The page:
What Should One Think About When Creating Teaching Material?
All people are susceptible to boredom and confusion. Either of these or their combination can lead to frustration. Once frustrated, a learner will find it exponentially more difficult to grasp or retain new information. The student’s mind will be elsewhere, unmotivated and uninterested. Therefore, an instructor should make it a priority that each and every student can not only understand the created material but be interested in it as well.
This post was written by our TEFL certification graduate Patrick O.
Materials for learners with different interests
So how does one create engaging and educational material for groups of vastly different people? I believe that the first step is always the same: getting to know the students. On a very fundamental and human level, a teacher should place great importance on knowing every face and name, as well as having a basic understanding of the culture(s) of those being taught. Then the instructor should have the students express interests, desires for learning English (if applicable), English comprehension, and generally just communicate with the class. The initial stage should be used to learn as much about the students as possible. This information should be physically recorded and used as a reference when designing future material outside of the classroom. Through introductory activities, surveys, and observation, a foundation for creating material suited to the classroom should begin to materialize.
Once one begins to understand their students’ interests and English levels, one can combine this personal information with school/syllabus requirements, games, presentations, etc, to create lessons. Taking everything one knows into account before moving forward is key.
Teaching materials for younger learners
If teaching children, a sequence of fast-paced burst activities might be useful. Consider flashcards with pictures, shortboard games, creating scenarios with fictional characters represented by toys, and the like. The games and material should use what is known about the students. For example, one student likes horses and another robot. Pictures of these can find their way into the material, even if the words/grammar being taught has nothing to do with animals or cyborgs. It is important to introduce elements that a teacher knows will pique a student’s curiosity, even if only for a brief moment. This, especially true with children, acts like the fire that keeps a hot air balloon in flight. Too much stimulation and the class will run away with itself, too little and the lesson will crash into boredom, confusion, and frustration. Children have short attention spans, and thus a balance of fun and education must be met. This cannot be done without an understanding of the students.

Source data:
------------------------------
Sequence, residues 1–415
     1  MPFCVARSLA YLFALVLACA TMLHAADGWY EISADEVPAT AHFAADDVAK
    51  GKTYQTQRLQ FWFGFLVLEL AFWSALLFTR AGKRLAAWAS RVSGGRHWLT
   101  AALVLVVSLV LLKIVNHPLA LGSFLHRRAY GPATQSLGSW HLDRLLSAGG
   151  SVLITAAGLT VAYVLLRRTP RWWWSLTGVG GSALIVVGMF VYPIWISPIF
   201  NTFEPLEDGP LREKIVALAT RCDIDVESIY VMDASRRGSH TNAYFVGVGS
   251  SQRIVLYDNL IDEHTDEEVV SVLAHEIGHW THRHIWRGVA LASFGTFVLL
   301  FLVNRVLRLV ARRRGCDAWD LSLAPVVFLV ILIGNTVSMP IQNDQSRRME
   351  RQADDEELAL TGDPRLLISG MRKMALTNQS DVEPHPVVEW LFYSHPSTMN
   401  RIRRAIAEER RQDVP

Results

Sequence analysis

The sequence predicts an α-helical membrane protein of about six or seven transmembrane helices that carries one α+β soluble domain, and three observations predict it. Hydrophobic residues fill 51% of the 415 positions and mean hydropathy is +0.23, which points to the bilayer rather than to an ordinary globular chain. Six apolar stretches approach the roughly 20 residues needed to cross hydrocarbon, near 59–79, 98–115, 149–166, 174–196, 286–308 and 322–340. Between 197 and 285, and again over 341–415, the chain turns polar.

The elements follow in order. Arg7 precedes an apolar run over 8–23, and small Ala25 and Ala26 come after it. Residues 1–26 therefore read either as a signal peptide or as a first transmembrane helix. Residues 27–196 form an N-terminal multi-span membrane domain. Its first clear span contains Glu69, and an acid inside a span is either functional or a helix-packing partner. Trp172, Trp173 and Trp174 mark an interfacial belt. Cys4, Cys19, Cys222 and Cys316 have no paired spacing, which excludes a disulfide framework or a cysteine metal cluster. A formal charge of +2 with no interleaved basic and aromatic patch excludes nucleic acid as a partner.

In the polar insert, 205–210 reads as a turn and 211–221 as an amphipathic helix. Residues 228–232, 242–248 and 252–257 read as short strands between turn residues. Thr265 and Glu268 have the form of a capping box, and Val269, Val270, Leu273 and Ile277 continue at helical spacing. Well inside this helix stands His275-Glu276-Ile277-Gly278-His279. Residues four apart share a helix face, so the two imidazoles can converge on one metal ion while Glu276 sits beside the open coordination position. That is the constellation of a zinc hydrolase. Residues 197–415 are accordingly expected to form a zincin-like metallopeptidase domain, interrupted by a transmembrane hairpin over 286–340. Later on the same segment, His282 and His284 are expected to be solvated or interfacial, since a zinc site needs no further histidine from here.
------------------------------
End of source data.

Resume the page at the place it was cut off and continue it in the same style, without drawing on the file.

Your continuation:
Teaching materials depending on the topic
Young children will, of course, not be the only people taught, and therefore more consideration needs to be put into creating teaching materials. The older a student is the easier it is to learn what kind of interests they have, yet almost paradoxically it can be harder to steal their attention away swiftly, like with a child. Their attention must first be captured, and then nurtured. Long-running material is one possibility here. A story that is in part created from input given from each student, and that continues to run. Every time the class meets, another piece of the story would unfold, incorporating and reinforcing English that had been taught previously, while maintaining the students’ collective attention. These stories could be altered to fit the class and even the mood of the class on a given day.
Weather and temperature, day of the week, time of day, etc, should be considered when creating material. It is important to be able to pivot from the original lesson plan while still being productive and interesting. For example, if it’s a dreary day and the students aren’t feeling up for the roleplay exercises planned, having a backup lesson or two could be useful.
Where to find useful materials?
There are more teaching resources online and in books than any person could ever hope to read and incorporate into their lessons. This is, of course, a very good thing. This excess of games, activities, drills, tests, presentations, and projects, all waiting to be implemented in the course material. But the information that cannot be found online or in texts, the core of this essay and the heart of my approach to teaching, is what exists in the individual. Understand the students. What they can and can’t do. Where they have problems. What they like. What bores them. How they’re feeling on a given day. Take all of this, record it, remember it, and utilize it in every lesson in some way or another. That, I believe, is what one should be thinking about when creating teaching material.
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